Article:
Art Inspired by Vintage Photos

The artworks on this page were inspired by vintage photographs of young women and girls. In his East Meets West series (https://gavinmitchell.net/Monster-Book-for-Girls), British artist Gavin Mitchell paints over old vintage monochrome Japanese photos of girls and young women, adding western cultural elements from different time periods.

Gavin Mitchell: Monster Book for Girls (Pigment print with hand applied acrylic UV varnish on paper, hand finished with gold leaf & metal leaf; Affordable Art Fair 2019; Turner Barnes Gallery)

In the above photo, for example, the artist has painted in a few books that girls in the mid-20th century England might have been reading. The book that gives the painting its title, The Monster Book for Young Girls, was a popular series of short story anthologies.

In his Aging 2017-2018 series (www.mutualart.com/Exhibition/Takahiro-Yamamto–Aging-Painting/B888339EF2D5523F), New York-based Japanese artist Takahiro Yamamoto uses photorealistic painting techniques to produce recreations of antique postcards and photographs.

Takahiro Yamamoto: Untitled, from the series Aging, 2017-2018 (Oil on canvas, Art Central 2019, Masahiro Maki Gallery)

In the portrait shown above, the folded edge of the paper at the top left corner is a kind of trompe-l’œil—that is, it is a painting of a damaged corner that is meant to give a 3D effect (and is not an actual damaged corner). Similarly, the artist is trying to recreate in his painting the fading caused by the passage of time and all the imperfections—the scratches, tears and folds—caused by the people who handled the photo.  

In his News from Nowhere series (satoru-aoyama.com/artworks/series/news-from-nowhere), Japanese artist Satoru Aoyama adds his own drawing and embroidery to old newspaper photos. In the following artwork, the artist has taken an 1880 photo from the Illustrated London News and has used embroidery to colorize the clothing. He has also drawn over the print of the original, giving the woman in the portrait the face of modern-day actress Shailene Woodley.

Detail view: Satoru Aoyama: News from Nowhere (Shailene), 2017: Detail view (Embroidery and drawing on vintage print, gold leaf; Art Basel HK 2018; Mizuma Art Gallery)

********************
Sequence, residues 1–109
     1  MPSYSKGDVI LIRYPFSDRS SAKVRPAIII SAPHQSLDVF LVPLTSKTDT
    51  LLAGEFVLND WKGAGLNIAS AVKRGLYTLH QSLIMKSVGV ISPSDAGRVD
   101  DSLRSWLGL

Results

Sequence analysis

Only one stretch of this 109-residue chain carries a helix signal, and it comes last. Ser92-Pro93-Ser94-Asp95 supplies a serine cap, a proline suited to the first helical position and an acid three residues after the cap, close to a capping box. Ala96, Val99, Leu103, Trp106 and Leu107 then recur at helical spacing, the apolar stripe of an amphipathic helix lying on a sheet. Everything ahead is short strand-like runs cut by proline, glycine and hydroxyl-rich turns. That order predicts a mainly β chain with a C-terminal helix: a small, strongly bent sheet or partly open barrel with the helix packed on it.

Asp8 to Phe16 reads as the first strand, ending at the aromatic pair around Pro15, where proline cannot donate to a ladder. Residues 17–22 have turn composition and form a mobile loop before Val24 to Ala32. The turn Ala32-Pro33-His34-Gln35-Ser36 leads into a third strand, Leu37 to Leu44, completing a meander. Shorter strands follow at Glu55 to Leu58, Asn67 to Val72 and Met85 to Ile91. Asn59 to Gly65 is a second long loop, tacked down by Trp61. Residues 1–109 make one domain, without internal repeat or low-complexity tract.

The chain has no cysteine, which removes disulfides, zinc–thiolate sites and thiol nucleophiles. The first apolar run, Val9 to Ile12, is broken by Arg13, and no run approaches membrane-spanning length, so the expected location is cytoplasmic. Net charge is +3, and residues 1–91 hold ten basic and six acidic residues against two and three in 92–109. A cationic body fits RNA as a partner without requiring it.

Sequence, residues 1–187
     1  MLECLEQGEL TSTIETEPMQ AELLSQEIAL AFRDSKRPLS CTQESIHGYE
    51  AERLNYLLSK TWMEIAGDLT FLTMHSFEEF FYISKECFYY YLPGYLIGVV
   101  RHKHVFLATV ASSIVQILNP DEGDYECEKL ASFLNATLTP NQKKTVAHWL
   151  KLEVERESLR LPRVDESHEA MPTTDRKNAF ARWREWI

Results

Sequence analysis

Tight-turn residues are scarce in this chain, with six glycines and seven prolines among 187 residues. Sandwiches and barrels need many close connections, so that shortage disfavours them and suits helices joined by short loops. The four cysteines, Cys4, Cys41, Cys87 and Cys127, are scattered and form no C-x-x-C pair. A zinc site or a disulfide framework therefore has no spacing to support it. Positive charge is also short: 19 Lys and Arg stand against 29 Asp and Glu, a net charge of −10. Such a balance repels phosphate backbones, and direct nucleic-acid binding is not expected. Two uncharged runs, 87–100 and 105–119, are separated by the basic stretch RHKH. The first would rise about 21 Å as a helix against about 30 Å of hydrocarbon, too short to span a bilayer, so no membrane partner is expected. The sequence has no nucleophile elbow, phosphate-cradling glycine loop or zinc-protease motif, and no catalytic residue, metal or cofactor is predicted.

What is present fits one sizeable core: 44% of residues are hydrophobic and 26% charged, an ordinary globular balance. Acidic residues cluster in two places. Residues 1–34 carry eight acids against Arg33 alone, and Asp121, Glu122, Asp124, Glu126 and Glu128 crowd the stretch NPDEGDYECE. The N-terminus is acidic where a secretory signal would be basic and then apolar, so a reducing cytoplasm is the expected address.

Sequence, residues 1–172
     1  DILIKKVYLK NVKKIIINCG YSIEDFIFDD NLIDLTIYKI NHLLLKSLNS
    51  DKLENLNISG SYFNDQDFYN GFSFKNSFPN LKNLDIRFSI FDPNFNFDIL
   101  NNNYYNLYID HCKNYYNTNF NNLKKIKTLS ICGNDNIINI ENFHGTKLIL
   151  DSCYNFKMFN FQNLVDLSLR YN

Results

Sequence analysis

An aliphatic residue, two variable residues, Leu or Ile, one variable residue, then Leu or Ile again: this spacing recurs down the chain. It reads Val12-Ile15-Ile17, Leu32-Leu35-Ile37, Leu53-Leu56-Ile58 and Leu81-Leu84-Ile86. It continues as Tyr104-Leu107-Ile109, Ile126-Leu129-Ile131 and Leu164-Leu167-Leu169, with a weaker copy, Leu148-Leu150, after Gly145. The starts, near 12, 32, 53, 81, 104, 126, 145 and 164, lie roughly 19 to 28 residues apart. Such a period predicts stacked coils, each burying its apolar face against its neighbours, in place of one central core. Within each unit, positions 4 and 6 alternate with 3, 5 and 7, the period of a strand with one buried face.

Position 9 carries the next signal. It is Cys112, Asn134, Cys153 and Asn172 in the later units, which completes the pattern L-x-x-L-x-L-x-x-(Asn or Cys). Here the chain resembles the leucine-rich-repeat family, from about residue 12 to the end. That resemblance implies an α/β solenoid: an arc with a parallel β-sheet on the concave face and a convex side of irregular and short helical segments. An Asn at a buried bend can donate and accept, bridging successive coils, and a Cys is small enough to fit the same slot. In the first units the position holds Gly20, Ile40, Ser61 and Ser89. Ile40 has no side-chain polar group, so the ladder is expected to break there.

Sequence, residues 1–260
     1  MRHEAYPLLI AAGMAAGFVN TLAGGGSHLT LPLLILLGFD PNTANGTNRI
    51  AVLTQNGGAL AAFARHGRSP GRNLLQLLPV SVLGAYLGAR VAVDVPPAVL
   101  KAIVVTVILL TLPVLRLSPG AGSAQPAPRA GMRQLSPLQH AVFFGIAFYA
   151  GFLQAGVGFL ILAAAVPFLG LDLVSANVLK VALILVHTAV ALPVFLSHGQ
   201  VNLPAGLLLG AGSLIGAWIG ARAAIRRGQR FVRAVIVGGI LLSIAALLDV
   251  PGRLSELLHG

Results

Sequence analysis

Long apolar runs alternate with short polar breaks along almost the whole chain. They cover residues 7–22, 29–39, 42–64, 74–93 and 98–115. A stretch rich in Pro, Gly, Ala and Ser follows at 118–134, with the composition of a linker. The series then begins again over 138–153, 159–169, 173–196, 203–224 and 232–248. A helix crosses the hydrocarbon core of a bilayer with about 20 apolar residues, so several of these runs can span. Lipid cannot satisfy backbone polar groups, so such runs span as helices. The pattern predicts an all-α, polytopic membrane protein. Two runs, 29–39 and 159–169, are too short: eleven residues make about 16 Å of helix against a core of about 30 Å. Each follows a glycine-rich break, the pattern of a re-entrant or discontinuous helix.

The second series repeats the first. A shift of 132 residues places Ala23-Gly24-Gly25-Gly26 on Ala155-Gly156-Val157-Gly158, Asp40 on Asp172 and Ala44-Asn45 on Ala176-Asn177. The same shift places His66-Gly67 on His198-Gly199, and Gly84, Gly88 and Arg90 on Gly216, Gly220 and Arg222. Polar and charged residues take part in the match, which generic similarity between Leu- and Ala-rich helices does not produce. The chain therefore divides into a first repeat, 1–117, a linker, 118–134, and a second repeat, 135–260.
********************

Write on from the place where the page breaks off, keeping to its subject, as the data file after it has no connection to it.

Detail view

In another piece from the same series, the artist transforms a picture of three Japanese dancing girls from the London Times Supplement (1874) so that is now features the three lead singers of the Japanese heavy metal band BabyMetal.

Satoru Aoyama: News from Nowhere (Baby Metal), (2017 (Embroidery and drawing on vintage print, gold leaf; Art Basel HK 2018; Mizuma Art Gallery).

The three artists—David Mitchell, Takahiro Yamamoto , Satoru Aoyama—are all exploring themes related to time. David Mitchell juxtaposes images from different cultures and eras, Takahiro Yamamoto seeks to recreate the imperfections caused by the passage of of time and Satoru Aoyama updates vintage news photos with modern pop culture icons.

Photo Galleries

The photos are available in higher resolution (2048 x 1365) at:

Three Questions

  1. Which artwork on this page do you like best? Why?
  2. Gavin Mitchell adds Western props to Japanese portraits while Satoru Aoyama’s updates old photos by transforming the subjects in the pictures into modern pop icons. Do these changes emphasize how similar people from different cultures and time periods are or does it emphasize their differences?
  3. What do you think Takahiro Yamamoto’s purpose is in trying to recreate in his painting the exact look of vintage photos?

Art Challenge

Find an old photo or postcard and add your own changes to it.


~text, video and photos by

artjouer

Return to Artjouer’s Gallery of Artists

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